Switch to the next range and observe the value, if the same reading appears, increase the range of resistance again until you observe a numeric value on the screen. The OL value means “overload”, which means the multimeter is unable to measure the value of the resistor in the selected range.

Sometimes this may happen that you are operating your multimeter in larger ranges and your resistor value is too small to be detected in that range. In such cases, the multimeter gives a ‘0’ value.

This means for this range, the value of resistance is nearly zero, or immeasurable. For such cases, you need to step down the range and observe the values.

In other cases, you might know a rough estimate of resistor value say 200 ohm and you measure the value and it comes out to be around 0.2 on the screen.

In such cases, double-check that you have your multimeter in the correct range because you will see that your multimeter was in the range of kilo-ohms and this is why your reading was too low.

After reading such a lengthy story, you must have realized why I said earlier that auto-range multimeter is more convenient.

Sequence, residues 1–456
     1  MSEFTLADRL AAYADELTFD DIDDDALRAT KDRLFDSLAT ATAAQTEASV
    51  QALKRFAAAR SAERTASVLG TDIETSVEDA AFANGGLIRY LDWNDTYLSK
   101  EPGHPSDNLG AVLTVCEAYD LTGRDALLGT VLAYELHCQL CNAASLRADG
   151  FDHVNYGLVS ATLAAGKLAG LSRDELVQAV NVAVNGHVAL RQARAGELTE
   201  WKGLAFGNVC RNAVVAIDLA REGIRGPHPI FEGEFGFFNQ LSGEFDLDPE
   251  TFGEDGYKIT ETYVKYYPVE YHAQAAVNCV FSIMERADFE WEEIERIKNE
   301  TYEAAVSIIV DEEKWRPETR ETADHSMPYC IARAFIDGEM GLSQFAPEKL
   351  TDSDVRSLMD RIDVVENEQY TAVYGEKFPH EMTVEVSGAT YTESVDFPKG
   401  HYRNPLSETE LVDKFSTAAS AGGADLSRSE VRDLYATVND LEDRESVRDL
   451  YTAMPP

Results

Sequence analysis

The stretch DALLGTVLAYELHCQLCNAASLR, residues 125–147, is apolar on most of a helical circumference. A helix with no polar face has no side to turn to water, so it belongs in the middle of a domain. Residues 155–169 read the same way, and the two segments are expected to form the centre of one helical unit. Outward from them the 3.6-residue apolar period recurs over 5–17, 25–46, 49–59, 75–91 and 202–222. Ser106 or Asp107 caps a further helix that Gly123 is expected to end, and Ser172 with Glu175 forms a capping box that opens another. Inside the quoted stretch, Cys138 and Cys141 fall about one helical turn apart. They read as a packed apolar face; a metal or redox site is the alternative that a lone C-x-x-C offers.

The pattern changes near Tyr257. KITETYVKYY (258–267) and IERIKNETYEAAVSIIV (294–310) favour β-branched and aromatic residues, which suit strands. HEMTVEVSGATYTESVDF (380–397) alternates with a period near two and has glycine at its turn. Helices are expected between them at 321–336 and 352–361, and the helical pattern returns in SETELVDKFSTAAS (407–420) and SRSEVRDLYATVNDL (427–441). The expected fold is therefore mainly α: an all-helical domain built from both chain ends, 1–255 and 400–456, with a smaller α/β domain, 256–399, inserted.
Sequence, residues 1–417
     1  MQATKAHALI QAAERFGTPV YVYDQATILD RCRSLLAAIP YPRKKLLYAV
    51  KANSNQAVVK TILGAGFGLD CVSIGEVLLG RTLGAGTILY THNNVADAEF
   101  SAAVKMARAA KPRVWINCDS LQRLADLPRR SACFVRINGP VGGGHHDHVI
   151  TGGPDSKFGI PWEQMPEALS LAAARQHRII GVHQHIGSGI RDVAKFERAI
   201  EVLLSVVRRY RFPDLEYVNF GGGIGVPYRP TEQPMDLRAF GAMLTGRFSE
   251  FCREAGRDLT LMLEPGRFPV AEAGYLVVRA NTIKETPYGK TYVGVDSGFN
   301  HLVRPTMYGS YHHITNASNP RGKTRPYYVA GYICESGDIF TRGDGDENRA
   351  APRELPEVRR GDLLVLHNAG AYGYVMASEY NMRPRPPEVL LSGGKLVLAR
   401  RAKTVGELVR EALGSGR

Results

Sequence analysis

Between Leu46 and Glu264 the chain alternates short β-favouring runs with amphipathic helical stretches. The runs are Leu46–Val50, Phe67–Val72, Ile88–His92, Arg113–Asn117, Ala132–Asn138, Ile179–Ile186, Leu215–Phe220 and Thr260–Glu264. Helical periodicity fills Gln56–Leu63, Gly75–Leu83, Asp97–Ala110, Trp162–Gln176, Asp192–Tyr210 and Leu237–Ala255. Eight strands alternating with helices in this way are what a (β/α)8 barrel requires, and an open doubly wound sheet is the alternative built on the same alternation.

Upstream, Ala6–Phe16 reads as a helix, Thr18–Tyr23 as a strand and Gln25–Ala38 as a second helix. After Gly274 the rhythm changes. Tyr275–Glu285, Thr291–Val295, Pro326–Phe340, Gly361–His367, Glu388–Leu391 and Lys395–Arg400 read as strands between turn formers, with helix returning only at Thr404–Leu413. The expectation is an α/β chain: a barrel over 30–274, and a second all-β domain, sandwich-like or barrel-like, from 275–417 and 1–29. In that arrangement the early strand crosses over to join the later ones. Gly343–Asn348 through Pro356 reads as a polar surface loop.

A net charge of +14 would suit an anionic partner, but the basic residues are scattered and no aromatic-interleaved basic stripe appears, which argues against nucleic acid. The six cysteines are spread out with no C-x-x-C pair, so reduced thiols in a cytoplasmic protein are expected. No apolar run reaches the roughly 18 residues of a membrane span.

4. Verification of measured resistance value

You can double-check this value by computing the value using the color bands of the resistor. If you know the color bands, you can do it yourself manually.

For those of you who don’t have any idea about color coding of resistors, can go check out the post on resistor basics here.

But if you still want a simpler solution, you can always consult google where you will find numerous color code calculators. Just input the color of your bands and they will do the math for you.

Now you will encounter some situations where your resistance is not exactly what the color code is telling. Don’t worry. The resistance can vary a bit in some specified range depending on the tolerance value of the resistor.

It can be more or less than the actual value practically. All you have to worry about is, the value must be closer to the actual value, if not exactly the same.

This is all you have to do to measure the resistance value using a multimeter.

Quick tips to remember

Let me summarize the tips for measuring the resistor value using a multimeter for you here.

  • Make sure to connect the probes of multimeter correctly. Double check for surety because you may damage your multimeter if you are not careful.
  • While using a multi-range multimeter, always start from the lowest range and increase your range according to your need until you get a numeric value.
  • Remember, a resistor is a non-polar device, so you don’t need to worry about which probe is to be connected to which side of the resistor. You can always confirm this statement by checking the resistance in both directions.